I was happy with my finish time and was feeling great for having run a quick 10k. Chad wasn't entirely pleased with his time, but it was still really fast. You guys, the medal though, like all of my favorite medals: spins.
Big deal races (and runDisney) require a POT (proof of time) if you want to be in a good corral (A or B, but really A) on race day, and not elbowing your way through the people who are here for the medal and a long ass walk. The last time I needed to sign up for a race solely for a POT was prior to my very first race, so, almost four years ago. Unfortunately for me, after taking almost a year off of running races because of my hip injury, and then returning to running about 30 seconds per mile slower, all I had were some disappointing (to me) race finish times to submit. In the past, I flat out refused to submit any POT that was from a downhill race. This year, I was willing to bend the rules (my rules) a little with the Haunted Half being that it is half down emigration, half Salt Lake streets. Therefore, only half cheating...
Almost a year later, and one week before the Salt Lake Half, I was diagnosed with another stress fracture. This time it was in my shin. However, a shin fracture turns out to be something that heals WAY faster than a hip. No crutches, no sitting around on my butt, just a PREFERENCE that I not run on it while it was healing. AND it would ONLY take 3 weeks to heal. Which meant that although the doctor preferred I didn't run the Salt Lake Half (I listened!) he had absolutely no concerns with me running the Tinker Bell Half. I rode the stationary bike at the gym for three weeks, bought new shoes the week of the race, and had one (approved!) practice run before heading down to Anaheim. Walking around the expo (instead of on crutches and in a crappy mood) was super fun and I'm not being facetious. Instead of wishing I could crutch into a hole and die, I invisibly slipped from booth to booth looking at things and getting zero sympathy from random strangers who wanted to discuss various running ailments they'd had.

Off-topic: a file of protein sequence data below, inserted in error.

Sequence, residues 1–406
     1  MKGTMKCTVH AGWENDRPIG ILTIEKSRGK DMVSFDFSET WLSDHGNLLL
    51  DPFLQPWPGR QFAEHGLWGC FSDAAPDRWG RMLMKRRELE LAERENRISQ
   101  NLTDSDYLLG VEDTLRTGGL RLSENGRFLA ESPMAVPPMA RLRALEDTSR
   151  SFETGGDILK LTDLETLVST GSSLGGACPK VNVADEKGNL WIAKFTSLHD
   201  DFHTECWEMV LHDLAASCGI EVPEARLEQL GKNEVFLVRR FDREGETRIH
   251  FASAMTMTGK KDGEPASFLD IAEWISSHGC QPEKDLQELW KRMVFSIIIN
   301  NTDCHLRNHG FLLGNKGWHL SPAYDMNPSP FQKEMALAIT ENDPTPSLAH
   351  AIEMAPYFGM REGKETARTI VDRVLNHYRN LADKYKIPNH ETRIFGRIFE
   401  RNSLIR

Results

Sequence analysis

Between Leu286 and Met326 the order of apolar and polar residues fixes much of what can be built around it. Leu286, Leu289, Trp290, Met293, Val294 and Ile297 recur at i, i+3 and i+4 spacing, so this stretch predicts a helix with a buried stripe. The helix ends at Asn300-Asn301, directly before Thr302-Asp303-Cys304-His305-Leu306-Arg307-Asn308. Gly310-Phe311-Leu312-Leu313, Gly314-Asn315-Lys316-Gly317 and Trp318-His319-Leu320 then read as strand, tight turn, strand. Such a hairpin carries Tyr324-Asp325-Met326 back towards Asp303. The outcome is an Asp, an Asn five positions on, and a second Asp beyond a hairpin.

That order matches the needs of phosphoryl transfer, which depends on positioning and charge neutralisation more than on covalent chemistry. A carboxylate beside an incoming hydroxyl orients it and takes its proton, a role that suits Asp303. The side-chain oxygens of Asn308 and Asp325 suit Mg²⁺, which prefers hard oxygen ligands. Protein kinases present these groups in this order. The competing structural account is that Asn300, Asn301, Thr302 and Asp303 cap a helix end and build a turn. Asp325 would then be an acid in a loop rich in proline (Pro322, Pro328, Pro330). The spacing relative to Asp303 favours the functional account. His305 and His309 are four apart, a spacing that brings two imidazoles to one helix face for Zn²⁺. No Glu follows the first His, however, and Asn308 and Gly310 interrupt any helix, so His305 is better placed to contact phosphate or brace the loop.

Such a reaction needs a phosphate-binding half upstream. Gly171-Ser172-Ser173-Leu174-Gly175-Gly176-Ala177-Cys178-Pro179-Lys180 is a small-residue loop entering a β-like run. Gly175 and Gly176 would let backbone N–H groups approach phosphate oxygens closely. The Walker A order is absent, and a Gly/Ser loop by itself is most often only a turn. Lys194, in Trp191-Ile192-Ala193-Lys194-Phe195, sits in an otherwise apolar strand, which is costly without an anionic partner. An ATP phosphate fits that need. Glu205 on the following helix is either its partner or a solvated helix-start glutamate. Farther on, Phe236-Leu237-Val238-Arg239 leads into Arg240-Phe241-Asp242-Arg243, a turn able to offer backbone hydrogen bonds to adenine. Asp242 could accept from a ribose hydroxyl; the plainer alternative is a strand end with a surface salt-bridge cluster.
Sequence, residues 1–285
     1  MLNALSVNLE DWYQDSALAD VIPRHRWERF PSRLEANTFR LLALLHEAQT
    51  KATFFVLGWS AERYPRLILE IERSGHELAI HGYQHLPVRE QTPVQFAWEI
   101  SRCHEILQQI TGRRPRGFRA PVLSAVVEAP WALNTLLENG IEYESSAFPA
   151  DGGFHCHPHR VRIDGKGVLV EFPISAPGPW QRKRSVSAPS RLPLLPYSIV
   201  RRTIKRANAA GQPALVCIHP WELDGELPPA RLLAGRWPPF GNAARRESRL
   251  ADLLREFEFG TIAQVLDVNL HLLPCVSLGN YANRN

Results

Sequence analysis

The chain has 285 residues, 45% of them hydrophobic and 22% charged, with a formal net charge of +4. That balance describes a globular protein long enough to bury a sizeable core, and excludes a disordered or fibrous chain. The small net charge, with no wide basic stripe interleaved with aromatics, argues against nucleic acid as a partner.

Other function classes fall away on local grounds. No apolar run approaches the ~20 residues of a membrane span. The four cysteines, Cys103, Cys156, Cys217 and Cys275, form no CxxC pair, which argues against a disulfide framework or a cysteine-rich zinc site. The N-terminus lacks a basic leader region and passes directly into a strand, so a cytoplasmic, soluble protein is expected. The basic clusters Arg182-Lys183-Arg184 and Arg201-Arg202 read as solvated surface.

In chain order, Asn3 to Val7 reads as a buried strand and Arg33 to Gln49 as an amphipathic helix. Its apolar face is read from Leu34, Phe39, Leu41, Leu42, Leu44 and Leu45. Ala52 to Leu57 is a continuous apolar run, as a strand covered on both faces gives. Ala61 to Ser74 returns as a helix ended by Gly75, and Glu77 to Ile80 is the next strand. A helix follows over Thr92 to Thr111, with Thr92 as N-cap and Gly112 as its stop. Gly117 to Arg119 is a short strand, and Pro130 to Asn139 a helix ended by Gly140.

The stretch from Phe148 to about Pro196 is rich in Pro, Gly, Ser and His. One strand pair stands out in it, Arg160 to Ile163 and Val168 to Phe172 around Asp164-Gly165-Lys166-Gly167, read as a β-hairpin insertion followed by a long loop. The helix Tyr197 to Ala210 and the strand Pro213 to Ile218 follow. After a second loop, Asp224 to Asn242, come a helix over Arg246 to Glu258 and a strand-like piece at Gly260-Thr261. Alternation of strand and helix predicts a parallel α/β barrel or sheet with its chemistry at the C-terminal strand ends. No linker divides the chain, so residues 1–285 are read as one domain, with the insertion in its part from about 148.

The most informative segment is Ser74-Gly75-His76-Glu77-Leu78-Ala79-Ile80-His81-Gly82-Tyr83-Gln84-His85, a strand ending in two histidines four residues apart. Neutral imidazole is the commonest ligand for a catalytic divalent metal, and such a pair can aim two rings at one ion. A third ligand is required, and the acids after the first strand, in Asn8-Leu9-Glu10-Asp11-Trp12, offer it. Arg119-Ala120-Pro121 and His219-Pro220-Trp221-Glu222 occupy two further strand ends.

We showed up to the starting line and took lots of terrible pictures in the dark, said good luck to Chad (who was going for some kind of world record) and went on our merry way. The race course was pretty similar to last year's 10k, but it steered clear of Critter Country and Frontierland (no spoilers or behind the scenes on the new Star Wars Land for these runners!). Still we had plenty of time on park property, lots of Hero & Agents of SHIELD photo ops, and volunteers cheering us on.
As usual, we had a couple of days to enjoy the park (sore legs and all). And for something completely different my sister, Laura, her husband, Mel, and their daughter joined us for a day. This gave me the chance to finally make an appointment at the Bibbidi Bobbidi Boutique and participate in a princess transformation. Because, "ma'am, this is really only for kids" can be told to me so many times before they threaten to kick me out of the park. Jerks. My niece LOVED being transformed into a princess and thoroughly enjoyed meeting as many pixies, princesses, mice, and any other type of Disney character she could get in line to hug and interview.
When I went to the Race Expo/Packet Pick-up, I was surprised. The very well run event had a good assortment of crap that's either needed or not needed for a race (depending on the runner), great packet pick up people, and excellent race bags. Along with the requisite race stuff (bib, pins, shirt, random coupons you will NEVER use) there were also gloves, a space blanket (until you run a cold start race, you will never truly appreciate these half bag, half Reynold's Wrap blankets - AND it is SUPER rare that races will just hand them out), and a packet of KT Tape. After re-reading that last sentence I just realized that literally no non-runner would ever get excited about any of those things. I still refuse to admit I'm a runner.
On their website, Deseret News Classic touts itself as the "oldest road race in Utah and the fourth oldest marathon west of the continental divide." Which for some reason, led me to believe that this was a well run and organized event. Also? The price. After participating in 9 half marathons, I can tell you with some certainty that the price of the race is the greatest indicator of the type of event you should expect. Alas, that line of thinking was shattered as this race was $95 (more expensive than Drop13 AND SLC Half) and easily the worst organized event I've ever participated in.